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A plague of greenfly, garlic water and mystery plants: this week in the garden

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Its heading to be a great summer season but so far 2017 is the worst year for green fly I've ever seen.  Usually they get stuck onto the tulips but don't seem to harm them and that's that.  But this year, my gods. They are covering any and all new growth on the roses.  They don't seem to be affecting them too badly (yet) and haven't attached themselves onto any other species (yet) but its time for them to go.  I don't use any pesticides so I've been picking them off and squishing them by hand and then spraying with soapy water but this has had little effect.  So this afternoon I sliced an entire head of garlic and put it in a pot with just boiled water from the kettle to steep.


I left it for a few hours and then bottled the garlic water to spray onto the roses after removing as many greenflies as I could.  I'm going to add another spray tomorrow and might have to keep this up fortnightly but if it works, great.

Aside from that, I haven't been too …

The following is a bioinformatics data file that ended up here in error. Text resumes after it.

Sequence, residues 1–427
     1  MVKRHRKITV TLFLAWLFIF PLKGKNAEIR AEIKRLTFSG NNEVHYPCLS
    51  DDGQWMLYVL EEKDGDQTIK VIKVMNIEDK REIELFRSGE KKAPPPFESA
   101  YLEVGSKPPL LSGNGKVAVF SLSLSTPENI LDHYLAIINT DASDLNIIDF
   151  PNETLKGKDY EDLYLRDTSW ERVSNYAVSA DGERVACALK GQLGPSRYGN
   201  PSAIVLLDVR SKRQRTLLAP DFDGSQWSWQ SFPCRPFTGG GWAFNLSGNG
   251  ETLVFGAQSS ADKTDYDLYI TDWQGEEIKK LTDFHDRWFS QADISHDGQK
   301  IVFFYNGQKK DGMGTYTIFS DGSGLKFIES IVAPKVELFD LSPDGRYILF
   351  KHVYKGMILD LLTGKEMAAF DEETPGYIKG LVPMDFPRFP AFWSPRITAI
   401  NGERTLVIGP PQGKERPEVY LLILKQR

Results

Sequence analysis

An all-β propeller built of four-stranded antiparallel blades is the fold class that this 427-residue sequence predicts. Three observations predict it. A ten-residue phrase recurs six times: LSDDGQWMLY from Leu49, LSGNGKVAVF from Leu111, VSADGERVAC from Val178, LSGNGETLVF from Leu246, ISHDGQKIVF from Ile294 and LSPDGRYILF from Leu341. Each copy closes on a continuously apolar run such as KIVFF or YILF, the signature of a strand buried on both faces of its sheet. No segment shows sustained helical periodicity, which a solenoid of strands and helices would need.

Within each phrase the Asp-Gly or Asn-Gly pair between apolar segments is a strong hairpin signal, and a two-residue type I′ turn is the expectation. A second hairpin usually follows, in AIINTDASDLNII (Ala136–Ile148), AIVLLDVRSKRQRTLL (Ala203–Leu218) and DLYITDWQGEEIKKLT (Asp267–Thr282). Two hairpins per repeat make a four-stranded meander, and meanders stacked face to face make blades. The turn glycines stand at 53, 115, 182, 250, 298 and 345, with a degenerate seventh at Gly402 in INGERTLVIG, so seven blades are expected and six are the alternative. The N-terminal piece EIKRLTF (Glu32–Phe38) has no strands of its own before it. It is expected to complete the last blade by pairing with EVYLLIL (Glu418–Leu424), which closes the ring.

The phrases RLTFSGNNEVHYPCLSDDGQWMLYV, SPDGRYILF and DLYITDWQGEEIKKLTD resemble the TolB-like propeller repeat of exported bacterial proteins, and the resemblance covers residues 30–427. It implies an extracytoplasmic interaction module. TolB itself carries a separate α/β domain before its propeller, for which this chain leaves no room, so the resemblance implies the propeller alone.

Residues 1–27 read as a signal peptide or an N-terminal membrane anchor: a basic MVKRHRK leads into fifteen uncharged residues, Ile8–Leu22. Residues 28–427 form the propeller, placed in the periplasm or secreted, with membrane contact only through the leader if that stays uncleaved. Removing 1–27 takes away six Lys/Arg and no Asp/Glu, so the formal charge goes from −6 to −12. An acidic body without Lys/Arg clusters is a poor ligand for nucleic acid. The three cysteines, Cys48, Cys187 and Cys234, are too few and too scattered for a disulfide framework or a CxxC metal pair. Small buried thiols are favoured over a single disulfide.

Cásca i sa ghairdín

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We were away for a week over the Easter break.  Whenever I return home (and truly, nil aon tinteán mar do thinteán fein) I am immeasurably grateful when: 1) the house is still standing and whole; 2) the garden isn't a complete disaster area; 3) I can still manage to pay all my bills.  Gratitude, hey?

We might get to take a break but the garden doesn't.  I arrived back to find the grass in desperate need of a cut along with roses beset by green fly (aphids) and weeds coming up throughout some of the beds.  It took me the better part of two days to knock it back into shape but hard work is good work and the effort has paid off.  The last big job I have now is to get more veg seeds sown in the planter boxes, which should happen later this afternoon.

I am absolutely smitten with aquilegias (columbines) which I've never had before but now have in flower boxes in the front garden.  The blooms and later seed heads are stunningly, delicately beautiful.  I'm told they are prol…

Its About Time

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I love living in and walking through Dublin.   Not only do you not need a car in the city centre, you don't want one.  From the eclectic vibe of Portobello to the authentic Chinese, Korean and Vietnamese restaurants on Parnell St.  From Capel St over River Run to Parliament St, the back alleys of Dublin Castle bringing me through to George's St.  Taking a short cut through Trinity College's campus, hearing the Campanile ring, noting the queue of pilgrims to see the Book of Kells then walking between the pitches and going out the secret door onto Nassau St.  The smiles, nods and little winks as you meet and pass the citizenry of Dublin.

Don't forget to look up - there are many architectural delights to be found but also the clocks! Oh, the many timekeeping clocks! You can walk through the whole of the city without needn't to check your watch or phone once.  Most of the outside time pieces are from Stokes of Cork, the alpha and omega of horology in Ireland.